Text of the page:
So, I guess my vision for HIV cure research is not really about advancing the science. Y’all are gonna do that. My vision for HIV cure research is about the freedom. (I think about my freedom a lot in our current political environment.)

My vision for HIV cure research is about freeing all of us from disease and stigma and shame. It is about freeing all of us from these daily handfuls of pills for treatment of HIV and the other stuff that comes with it... but it’s also about freeing all of us up to, without fear, have as much (or as little) good, guilt-free sex as our little souls desire...

So, researchers... I need you to be having lots of good, guilt-free sex. Get out of the lab or the clinic or the office and go get some. I need you to be free, too! As Bishop Yvette Flunder says, “Free people, free people.”

And I believe in y’all. You can do it. I believe that the smart people in this room are gonna help develop a cure for HIV. And every once in a while, when you're in your lab or your clinic or your office, you’re gonna think about me and my baby cousin and the other folks you’ll meet today who are living with HIV... and you’ll be thinking about all the good, guilt-free sex we wanna have... and you’re gonna come up with something that will work... even for folks who don’t trust you and your little research... and it’s gonna be good. I need you all to believe that... because I am believing in you.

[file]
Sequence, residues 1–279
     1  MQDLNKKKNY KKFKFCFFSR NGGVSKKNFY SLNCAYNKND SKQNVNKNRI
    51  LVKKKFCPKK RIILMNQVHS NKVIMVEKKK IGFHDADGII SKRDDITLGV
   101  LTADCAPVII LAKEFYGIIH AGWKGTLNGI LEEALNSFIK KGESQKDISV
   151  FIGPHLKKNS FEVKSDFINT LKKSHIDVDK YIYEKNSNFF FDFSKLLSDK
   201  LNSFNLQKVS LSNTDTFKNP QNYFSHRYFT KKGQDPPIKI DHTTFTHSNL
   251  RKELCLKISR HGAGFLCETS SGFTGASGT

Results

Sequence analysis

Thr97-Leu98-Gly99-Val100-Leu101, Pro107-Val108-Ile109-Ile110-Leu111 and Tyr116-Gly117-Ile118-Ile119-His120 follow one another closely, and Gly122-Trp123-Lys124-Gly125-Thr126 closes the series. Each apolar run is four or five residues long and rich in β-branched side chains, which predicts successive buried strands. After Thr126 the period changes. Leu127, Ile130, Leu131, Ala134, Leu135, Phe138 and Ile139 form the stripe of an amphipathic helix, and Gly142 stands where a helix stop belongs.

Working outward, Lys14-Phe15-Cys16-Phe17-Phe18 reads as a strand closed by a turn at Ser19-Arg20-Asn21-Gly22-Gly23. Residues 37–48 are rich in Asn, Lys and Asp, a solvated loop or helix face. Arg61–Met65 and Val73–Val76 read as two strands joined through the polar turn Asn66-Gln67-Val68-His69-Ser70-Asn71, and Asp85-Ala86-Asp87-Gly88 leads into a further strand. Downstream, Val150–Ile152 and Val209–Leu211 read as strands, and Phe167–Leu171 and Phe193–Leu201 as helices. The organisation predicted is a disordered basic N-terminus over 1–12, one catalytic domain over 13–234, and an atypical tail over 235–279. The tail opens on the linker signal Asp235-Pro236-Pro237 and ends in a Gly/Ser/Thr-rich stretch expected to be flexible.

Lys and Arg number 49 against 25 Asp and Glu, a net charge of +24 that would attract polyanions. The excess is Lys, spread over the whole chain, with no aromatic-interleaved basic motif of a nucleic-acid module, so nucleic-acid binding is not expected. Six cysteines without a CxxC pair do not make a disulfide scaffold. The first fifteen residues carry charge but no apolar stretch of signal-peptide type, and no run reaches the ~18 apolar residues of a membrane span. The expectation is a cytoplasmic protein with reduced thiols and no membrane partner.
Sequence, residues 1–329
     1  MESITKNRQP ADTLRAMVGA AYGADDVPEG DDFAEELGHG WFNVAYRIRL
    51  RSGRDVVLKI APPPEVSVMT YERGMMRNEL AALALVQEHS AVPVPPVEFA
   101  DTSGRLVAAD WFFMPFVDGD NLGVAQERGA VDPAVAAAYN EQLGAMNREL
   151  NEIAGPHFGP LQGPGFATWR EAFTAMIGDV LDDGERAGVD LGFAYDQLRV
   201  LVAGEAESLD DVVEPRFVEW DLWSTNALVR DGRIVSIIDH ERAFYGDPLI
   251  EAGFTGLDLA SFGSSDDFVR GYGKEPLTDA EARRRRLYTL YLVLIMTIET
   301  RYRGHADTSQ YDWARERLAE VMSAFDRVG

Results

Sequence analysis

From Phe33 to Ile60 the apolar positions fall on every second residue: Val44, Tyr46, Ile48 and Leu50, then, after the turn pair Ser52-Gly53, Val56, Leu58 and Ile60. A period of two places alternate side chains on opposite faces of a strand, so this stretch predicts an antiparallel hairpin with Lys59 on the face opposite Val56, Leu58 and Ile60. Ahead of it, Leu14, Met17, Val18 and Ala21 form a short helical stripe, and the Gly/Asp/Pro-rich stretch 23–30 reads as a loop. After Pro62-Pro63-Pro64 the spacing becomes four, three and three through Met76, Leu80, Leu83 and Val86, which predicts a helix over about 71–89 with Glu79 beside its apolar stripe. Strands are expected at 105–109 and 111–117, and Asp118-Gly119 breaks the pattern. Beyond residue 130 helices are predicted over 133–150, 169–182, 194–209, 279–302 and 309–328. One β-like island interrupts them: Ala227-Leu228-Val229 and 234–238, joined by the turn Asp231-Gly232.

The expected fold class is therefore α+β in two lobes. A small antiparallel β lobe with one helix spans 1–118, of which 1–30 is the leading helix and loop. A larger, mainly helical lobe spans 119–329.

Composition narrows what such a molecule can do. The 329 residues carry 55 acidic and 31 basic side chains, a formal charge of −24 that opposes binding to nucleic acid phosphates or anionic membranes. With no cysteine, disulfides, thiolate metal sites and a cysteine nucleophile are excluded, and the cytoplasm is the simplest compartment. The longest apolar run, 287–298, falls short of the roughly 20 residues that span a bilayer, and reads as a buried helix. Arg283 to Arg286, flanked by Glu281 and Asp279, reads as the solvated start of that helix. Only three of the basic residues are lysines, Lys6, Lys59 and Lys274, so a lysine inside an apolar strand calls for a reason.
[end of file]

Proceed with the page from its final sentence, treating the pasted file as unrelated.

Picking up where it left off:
Thank you for your time.